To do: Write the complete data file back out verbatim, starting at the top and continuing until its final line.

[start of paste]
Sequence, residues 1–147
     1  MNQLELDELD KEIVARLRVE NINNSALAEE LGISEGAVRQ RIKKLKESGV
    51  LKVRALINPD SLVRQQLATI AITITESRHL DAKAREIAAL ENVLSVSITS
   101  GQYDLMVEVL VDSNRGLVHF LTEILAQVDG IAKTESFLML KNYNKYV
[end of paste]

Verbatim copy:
Sequence, residues 1–147
     1  MNQLELDELD KEIVARLRVE NINNSALAEE LGISEGAVRQ RIKKLKESGV
    51  LKVRALINPD SLVRQQLATI AITITESRHL DAKAREIAAL ENVLSVSITS
   101  GQYDLMVEVL VDSNRGLVHF LTEILAQVDG IAKTESFLML KNYNKYV